Dale Roylance died Sunday morning, 19 May 2013, at University Medical Center of Princeton at Plainsboro, New Jersey. He was 89 years old and had recently been diagnosed with Alzheimer’s disease.
Born on 9 December 1924, in Salt Lake City, Utah, Dale Ronald Roylance was the youngest of Kenneth and Una Roylance’s three children. He was raised as a Mormon and enlisted in the U.S. Army in 1943. When he was released, Dale moved to San Francesco to study art history at the University of California, Berkeley.
In 1955, Dale came to Princeton University, where he was taken under the wing of Gillett G. Griffin, curator of graphic arts at Firestone Library. For several years, he served as Gillett’s assistant, working on a variety of exhibitions and research projects. Dale recalled, “In all that time, the influence of my first mentor, Gillett Good Griffin, was constant and inspirational. Few people in my experience can match his enthusiasm for the arts or his discernment for quality in the visual arts.”
From 1960 to 1979, Dale worked as curator of the arts of the book at Yale University’s Sterling Memorial Library but was persuaded to return to Princeton in 1979 to fill his mentor’s position as curator of graphic arts. Dale held this title until his retirement in 1995 and even then, continued to assist with exhibitions and projects until 2001. In the fall of 2004 Roylance joined Princeton Academy’s Manor House Library project where he helped to organize their book collection and mount small exhibits.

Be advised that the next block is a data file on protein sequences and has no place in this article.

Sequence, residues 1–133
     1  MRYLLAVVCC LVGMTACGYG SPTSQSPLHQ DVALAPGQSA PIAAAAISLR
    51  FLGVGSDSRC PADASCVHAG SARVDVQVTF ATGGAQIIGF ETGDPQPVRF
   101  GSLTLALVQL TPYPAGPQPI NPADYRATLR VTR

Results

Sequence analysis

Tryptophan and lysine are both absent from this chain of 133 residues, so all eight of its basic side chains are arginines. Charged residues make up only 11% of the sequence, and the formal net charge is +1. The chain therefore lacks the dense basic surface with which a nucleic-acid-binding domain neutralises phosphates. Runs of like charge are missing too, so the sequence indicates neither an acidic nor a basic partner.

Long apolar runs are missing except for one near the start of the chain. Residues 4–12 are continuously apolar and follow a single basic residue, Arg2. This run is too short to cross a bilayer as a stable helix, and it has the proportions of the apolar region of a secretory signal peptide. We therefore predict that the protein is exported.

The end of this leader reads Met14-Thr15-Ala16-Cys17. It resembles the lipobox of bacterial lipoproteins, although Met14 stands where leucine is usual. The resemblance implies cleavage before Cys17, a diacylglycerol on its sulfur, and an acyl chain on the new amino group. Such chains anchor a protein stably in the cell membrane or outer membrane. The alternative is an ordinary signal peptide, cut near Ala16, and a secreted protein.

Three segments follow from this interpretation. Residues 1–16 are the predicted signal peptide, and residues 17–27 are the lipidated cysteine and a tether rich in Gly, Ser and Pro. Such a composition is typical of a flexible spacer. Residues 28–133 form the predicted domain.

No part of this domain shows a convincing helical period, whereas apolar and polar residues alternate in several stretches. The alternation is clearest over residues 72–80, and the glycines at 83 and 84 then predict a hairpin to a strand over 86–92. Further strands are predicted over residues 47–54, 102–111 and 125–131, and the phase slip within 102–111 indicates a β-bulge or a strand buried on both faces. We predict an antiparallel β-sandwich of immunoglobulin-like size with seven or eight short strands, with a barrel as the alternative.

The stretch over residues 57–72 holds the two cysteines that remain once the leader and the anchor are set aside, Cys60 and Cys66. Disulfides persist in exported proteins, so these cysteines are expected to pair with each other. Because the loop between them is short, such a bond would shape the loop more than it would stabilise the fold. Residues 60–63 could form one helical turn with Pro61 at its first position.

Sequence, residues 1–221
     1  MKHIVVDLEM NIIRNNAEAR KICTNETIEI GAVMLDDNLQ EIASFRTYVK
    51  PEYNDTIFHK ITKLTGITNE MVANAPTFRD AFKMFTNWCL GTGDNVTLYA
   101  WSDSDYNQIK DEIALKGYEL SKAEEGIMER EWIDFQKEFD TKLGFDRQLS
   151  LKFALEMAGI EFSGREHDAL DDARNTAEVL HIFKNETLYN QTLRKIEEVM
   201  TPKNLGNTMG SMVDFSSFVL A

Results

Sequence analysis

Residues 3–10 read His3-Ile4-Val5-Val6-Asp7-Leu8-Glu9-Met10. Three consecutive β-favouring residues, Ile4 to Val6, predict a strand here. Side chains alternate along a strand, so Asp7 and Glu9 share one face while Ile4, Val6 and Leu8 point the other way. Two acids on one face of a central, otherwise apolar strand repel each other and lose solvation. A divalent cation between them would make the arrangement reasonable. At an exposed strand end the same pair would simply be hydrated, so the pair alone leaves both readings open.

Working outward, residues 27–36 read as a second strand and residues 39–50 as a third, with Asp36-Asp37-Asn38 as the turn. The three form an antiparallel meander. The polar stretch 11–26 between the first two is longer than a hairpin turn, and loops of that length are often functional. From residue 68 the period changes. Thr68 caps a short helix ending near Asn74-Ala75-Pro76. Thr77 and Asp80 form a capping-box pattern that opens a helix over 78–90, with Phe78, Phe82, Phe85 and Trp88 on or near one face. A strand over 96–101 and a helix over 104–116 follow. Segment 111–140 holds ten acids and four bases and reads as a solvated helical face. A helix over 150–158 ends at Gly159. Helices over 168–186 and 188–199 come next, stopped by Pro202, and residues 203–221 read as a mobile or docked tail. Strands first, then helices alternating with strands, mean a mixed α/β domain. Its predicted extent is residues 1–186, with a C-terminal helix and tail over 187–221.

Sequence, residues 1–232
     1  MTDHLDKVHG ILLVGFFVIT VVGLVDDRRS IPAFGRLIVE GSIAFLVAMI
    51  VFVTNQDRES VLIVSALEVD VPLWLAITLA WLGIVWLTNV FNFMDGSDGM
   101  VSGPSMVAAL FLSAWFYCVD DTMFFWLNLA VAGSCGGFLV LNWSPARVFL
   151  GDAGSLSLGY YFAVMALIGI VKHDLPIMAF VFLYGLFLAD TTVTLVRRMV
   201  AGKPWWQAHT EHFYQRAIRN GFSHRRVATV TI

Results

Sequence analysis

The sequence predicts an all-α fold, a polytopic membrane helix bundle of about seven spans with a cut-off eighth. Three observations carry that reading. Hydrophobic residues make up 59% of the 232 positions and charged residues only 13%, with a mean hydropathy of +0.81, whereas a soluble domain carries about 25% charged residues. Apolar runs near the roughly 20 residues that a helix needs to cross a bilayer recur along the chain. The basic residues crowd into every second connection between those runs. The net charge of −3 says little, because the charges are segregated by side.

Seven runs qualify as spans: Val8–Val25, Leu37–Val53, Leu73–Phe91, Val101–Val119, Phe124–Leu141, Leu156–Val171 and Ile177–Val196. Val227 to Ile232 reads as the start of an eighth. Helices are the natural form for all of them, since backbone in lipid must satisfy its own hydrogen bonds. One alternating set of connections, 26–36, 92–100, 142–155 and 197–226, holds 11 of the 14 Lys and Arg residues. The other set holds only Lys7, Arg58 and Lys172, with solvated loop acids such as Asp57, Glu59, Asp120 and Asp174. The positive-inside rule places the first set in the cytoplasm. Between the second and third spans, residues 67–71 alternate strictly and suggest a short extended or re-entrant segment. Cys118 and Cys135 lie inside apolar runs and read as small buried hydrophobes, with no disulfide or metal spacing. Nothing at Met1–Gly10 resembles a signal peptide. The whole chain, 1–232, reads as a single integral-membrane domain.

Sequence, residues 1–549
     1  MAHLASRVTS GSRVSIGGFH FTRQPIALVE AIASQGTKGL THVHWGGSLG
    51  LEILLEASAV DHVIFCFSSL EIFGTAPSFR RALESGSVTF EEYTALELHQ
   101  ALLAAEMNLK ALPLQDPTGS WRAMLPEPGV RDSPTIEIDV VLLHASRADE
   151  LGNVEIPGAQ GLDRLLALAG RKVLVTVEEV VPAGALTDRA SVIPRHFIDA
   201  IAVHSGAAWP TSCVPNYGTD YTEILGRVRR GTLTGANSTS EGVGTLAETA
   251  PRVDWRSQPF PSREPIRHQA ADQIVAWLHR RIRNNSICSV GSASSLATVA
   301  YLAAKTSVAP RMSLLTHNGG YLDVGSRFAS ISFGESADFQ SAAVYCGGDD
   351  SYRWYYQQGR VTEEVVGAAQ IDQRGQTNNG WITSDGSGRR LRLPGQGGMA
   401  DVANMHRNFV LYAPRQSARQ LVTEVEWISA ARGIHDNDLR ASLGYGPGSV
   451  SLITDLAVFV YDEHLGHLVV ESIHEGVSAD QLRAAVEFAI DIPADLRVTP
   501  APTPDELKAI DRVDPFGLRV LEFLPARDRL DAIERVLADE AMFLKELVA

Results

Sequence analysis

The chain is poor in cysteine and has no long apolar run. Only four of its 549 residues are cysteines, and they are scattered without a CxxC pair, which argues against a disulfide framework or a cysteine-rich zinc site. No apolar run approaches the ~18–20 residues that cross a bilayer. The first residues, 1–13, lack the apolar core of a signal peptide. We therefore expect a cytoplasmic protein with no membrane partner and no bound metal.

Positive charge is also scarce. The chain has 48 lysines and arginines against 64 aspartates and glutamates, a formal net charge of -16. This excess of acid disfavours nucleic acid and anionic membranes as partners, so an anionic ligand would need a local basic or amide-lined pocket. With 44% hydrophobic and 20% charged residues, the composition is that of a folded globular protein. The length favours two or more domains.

During his long and distinguished career, Roylance prepared over 100 exhibitions and worked on forty-four publications including European Graphic Arts: the Art of the Book from Gutenberg to Picasso (1986) and American Graphic Arts: a Chronology to 1900 in Books, Prints, and Drawings (1990).
Many of his friends will remember Dale’s a longstanding aversion to driving. He lived for many years on Scott Avenue in Princeton Junction specifically because of its proximity to the Dinky, which he rode to campus every day. As he told Town Topics in 1995, “I think having it go on such a pleasant route, sort of over the river and through the woods, is terrific. … it must be a very nice experience for someone coming from New York City who has never been here to get on the train and see the landscape change in front of his eyes.”
There will be a memorial service but a date has not yet been scheduled.